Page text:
RBI, yesterday evening, released a very important report - Report on Trend and Progress of Banking in India 2019-20. Its like a view-from-the-top into the performance of the banking sector, including co-operative banks, and non-banking financial institutions during 2019-20 and 2020-21 so far.
What we learnt from the report is that FY20 was a much stronger year, now that we have a pandemic struck FY21 to compare with – comparison with a lower base will obviously make the picture look prettier. But looking into FY21, RBI has warned that with 40% of outstanding loans under moratorium, the banking system could see some really sharp deterioration in asset quality.
Here are a few highlights of the Report which give us an insight into what to expect once the moratorium and other sops come to an end.
In India, although the banking soundness indicators are obscured under the asset quality standstill, banks are raising capital in preparation of the imminent stress.
Restoration of health of the banking and non-banking sectors depends on how quickly the animal spirits return and the revival of the real economy.
Under normal circumstances, GNPA ratios would have been higher in the range of 0.10 per cent to 0.66 per cent at end-September 2020.
Potential recapitalisation requirements for meeting regulatory purposes as well as for growth capital may be to the extent of 150 basis points (bps) of the common equity tier I (CET I) ratio for the banking system.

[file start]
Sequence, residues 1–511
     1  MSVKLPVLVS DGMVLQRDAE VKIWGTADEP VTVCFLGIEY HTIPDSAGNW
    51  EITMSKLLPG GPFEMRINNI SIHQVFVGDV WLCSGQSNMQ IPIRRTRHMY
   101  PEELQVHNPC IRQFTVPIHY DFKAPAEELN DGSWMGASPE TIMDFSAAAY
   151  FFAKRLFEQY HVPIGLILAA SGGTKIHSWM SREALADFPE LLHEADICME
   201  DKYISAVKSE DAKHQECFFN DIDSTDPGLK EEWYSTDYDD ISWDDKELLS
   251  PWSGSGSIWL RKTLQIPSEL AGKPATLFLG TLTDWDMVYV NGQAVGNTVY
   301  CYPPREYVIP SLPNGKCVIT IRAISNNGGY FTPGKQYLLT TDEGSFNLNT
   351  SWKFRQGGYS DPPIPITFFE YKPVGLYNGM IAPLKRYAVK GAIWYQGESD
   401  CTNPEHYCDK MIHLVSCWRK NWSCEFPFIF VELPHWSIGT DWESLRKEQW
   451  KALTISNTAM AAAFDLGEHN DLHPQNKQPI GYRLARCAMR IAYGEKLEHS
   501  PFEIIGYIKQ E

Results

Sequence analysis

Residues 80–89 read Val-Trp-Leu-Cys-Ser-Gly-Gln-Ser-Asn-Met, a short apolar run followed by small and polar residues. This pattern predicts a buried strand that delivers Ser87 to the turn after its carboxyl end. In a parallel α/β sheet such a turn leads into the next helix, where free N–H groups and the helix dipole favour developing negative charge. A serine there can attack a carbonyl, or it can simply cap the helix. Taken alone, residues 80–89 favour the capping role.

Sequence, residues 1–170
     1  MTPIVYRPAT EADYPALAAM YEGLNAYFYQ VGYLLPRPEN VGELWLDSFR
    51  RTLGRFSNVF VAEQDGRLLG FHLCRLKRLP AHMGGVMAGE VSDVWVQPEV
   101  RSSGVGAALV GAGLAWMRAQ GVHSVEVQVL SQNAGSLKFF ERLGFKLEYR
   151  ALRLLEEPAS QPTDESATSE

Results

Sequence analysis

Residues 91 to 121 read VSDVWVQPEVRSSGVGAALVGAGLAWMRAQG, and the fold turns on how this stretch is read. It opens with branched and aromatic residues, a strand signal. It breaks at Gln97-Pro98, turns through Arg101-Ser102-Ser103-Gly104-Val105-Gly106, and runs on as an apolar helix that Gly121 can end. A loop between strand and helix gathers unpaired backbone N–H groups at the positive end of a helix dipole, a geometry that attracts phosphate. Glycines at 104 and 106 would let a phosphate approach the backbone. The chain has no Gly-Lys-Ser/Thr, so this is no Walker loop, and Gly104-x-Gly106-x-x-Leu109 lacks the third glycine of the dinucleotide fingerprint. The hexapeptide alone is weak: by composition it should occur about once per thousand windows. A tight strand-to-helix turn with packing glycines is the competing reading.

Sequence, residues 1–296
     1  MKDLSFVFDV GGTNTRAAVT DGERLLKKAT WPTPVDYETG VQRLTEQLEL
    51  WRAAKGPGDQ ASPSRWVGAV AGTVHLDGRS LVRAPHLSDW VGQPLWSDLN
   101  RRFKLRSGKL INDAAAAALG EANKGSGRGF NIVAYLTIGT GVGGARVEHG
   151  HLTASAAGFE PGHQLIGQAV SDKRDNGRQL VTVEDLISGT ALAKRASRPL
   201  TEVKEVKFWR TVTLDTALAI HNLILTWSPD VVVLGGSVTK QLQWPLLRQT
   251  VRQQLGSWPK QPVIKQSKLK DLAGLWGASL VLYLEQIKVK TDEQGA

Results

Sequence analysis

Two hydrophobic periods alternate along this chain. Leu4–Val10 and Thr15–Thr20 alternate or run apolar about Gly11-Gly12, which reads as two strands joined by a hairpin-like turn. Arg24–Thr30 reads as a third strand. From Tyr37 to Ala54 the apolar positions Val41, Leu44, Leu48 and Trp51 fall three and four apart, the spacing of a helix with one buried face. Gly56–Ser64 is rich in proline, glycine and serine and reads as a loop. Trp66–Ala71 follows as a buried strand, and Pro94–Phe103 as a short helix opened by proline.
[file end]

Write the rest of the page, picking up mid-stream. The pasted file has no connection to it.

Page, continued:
Small finance banks (SFBs), which were earlier NBFC micro finance institutions (NBFC-MFIs), continue to have significant exposure to unsecured advances even as they strive to diversify their portfolio
Payment Banks - most of these banks are yet to break even, mainly due to high initial infrastructure costs. Generation of capital funds in the absence of credit products poses a challenge for them.
Co-operative Banks - mobilisation of share capital has become difficult and raising additional capital at reasonable cost has emerged as a key challenge.
Banks will have to adapt and adjust to the rapidly evolving economic landscape due to these challenges and also the entry of niche players and emerging financial technologies.
NBFCs - With market confidence restored, NBFCs are striving to augment financing to niche sectors and assist in the economic recovery.
Housing finance companies (HFCs) - the sector may need to brace up for large slippages of loan assets and higher provisioning.
The banking and nonbanking sectors face both challenging times and new opportunities as the Indian economy returns to full vitality.
New vistas of financial intermediation, leveraging on technology will open up to be exploited, and new business models will emerge.
RBI is positioning itself to provide an enabling environment in which regulated entities are catalysed to exploit these new avenues, while maintaining and preserving financial stability.
At the end of it, what we feel is that this is an extraordinary time- we have gone through and are going through and will go through more challenges – challenges for which there is no set guidebook or precedence to follow. Under these circumstances, there is a sense of security that the country’s monetary problems are being taken care of by very able professionals; RBI has shown that it has the mettle to think out-of-the-box and hopefully, the coming challenges will also have some similar out-of-the-box solutions.
We are paddling from one rough water into another but the boat is strong and so is the captain….